Shaking his head in disgust, Greenbelt, Md. Mayor Emmett Jordan said he can’t understand why the White House and the Republicans would pull the plug on the FBI Headquarters project after five years of planning. “It’s obviously a disappointment,” Jordan told the AFRO. “For Greenbelt, Prince George’s County and the state of Maryland, WMATA (Washington Area Metropolitan Transit Association), and the developer – we put a lot of time and effort in this project.”

Photo of the current FBI Headquarters in D.C.
(Courtesy Photo)

Jordan said 11,000 workers would have come to Greenbelt had their site been selected and while a site in Landover, Md. and one in Springfield, Va. were under consideration the worst part of this decision is that federal officials have made no decision. “The FBI needs a place to go and to spend this amount of time on something and not make a decision has people scratching their heads,” said Jordan, adding that now the developer of the project is forced into a waiting game after spending hundreds of thousands of dollars.

Prince George’s County Executive Rushern L. Baker III also voiced disappointment after the Subcommittee on Financial Services and General Government of the House Appropriations Committee voted to rescind $200 million for the FBI headquarters relocation project in the Fiscal Year 2018 appropriations bill last week.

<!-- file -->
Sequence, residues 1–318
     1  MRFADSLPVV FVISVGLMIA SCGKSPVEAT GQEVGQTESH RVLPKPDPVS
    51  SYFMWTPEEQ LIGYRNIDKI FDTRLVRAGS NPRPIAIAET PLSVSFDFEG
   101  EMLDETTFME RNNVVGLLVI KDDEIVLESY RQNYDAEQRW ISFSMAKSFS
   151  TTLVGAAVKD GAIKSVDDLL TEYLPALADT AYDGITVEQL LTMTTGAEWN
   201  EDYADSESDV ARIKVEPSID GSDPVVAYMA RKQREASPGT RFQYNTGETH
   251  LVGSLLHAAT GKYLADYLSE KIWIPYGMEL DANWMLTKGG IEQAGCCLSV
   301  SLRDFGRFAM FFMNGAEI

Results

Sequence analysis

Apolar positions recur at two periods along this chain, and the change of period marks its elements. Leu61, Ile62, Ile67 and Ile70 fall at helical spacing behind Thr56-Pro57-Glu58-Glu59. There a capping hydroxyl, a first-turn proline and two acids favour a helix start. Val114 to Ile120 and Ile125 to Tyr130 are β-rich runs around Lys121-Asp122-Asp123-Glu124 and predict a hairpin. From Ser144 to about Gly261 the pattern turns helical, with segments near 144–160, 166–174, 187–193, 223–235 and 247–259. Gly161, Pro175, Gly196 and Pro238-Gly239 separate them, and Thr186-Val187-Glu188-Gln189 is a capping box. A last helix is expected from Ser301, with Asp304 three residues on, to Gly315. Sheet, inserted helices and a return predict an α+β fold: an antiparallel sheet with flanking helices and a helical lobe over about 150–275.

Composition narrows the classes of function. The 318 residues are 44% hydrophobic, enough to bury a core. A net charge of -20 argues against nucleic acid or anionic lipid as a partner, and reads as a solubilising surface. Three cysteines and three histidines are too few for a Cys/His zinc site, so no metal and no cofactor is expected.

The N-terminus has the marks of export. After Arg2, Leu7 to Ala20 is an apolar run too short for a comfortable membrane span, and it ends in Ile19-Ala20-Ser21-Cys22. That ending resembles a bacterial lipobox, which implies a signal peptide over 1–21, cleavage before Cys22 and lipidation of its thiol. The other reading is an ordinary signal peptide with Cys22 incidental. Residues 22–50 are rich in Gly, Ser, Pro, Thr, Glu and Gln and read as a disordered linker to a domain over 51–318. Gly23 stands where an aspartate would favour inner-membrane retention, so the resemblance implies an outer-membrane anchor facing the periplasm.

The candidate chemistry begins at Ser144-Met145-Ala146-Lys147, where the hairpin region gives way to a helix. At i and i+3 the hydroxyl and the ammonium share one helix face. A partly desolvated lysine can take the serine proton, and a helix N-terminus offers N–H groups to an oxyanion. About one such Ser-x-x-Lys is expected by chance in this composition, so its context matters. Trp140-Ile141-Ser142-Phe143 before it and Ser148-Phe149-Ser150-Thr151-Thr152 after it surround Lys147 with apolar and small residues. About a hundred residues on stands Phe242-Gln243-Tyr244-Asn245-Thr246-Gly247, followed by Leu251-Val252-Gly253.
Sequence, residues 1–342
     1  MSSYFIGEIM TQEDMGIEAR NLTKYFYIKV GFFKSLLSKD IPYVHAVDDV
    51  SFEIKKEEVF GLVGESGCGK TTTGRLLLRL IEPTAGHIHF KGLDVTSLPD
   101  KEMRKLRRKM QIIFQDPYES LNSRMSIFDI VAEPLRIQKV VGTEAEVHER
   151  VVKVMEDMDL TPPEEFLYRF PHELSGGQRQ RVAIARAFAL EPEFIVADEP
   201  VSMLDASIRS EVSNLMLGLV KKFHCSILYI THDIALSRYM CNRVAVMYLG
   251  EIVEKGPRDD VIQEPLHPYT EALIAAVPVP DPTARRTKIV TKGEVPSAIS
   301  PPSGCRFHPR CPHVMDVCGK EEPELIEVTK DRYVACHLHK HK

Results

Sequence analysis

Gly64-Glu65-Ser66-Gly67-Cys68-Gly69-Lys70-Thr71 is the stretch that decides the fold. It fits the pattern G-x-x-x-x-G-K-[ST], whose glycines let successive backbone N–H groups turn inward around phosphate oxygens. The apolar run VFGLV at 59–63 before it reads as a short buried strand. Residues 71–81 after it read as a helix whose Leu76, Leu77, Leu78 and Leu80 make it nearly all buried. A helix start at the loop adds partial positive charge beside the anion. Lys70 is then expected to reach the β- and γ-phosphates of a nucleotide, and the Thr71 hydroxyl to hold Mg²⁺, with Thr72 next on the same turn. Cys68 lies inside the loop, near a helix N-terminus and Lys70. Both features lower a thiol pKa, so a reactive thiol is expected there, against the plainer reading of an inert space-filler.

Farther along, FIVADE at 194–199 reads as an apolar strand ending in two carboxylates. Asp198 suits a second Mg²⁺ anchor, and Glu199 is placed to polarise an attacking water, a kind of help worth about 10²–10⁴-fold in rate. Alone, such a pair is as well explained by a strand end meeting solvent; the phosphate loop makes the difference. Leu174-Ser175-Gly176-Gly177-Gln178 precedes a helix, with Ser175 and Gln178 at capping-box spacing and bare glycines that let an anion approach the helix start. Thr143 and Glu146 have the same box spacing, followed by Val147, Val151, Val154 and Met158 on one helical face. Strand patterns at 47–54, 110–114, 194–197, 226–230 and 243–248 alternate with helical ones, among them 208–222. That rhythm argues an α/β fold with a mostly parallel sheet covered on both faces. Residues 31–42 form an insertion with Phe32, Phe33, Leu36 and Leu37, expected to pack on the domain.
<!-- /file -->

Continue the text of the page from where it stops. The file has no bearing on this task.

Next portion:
“This is a huge step backward and frankly, the Subcommittee of Congress has reneged on their commitment to fully fund the remainder of a project that is critical for the protection of U.S. citizens from international threats,” Baker, who is running for Gov. of Maryland, said in a statement. “If ever a project should have bi-partisan support and be recognized as vital for national security, this should.”

Baker went onto say that every year of delay could cost U.S. taxpayers as much as $100 million in additional costs. “The time is now to move ahead with funding to build a FBI Headquarters to better protect the American people,” he said.

Seat Pleasant Mayor Eugene Grant said he never thought the FBI would relocate to the Landover site and he is not sad that they are not coming. “Given the history of the relationship between the African-American community and FBI, I was not enthusiastic about their presence in the county but that doesn’t mean we don’t want another government agency,” said Grant whose jurisdiction was near the Landover site. “We need real opportunities, real investments to have real outcomes.”

The FBI was poised to announce the site for its new headquarters and Prince George’s County officials were hopeful that facility, scheduled to be built in 2025, would be located in their backyard. However, some Greenbelt residents questioned the level of congestion that would have accompanied the new building. “We can’t handle any more traffic, the area is not meant for mega development,” Judy Blumenthal, a resident of College Park, Md., said in February.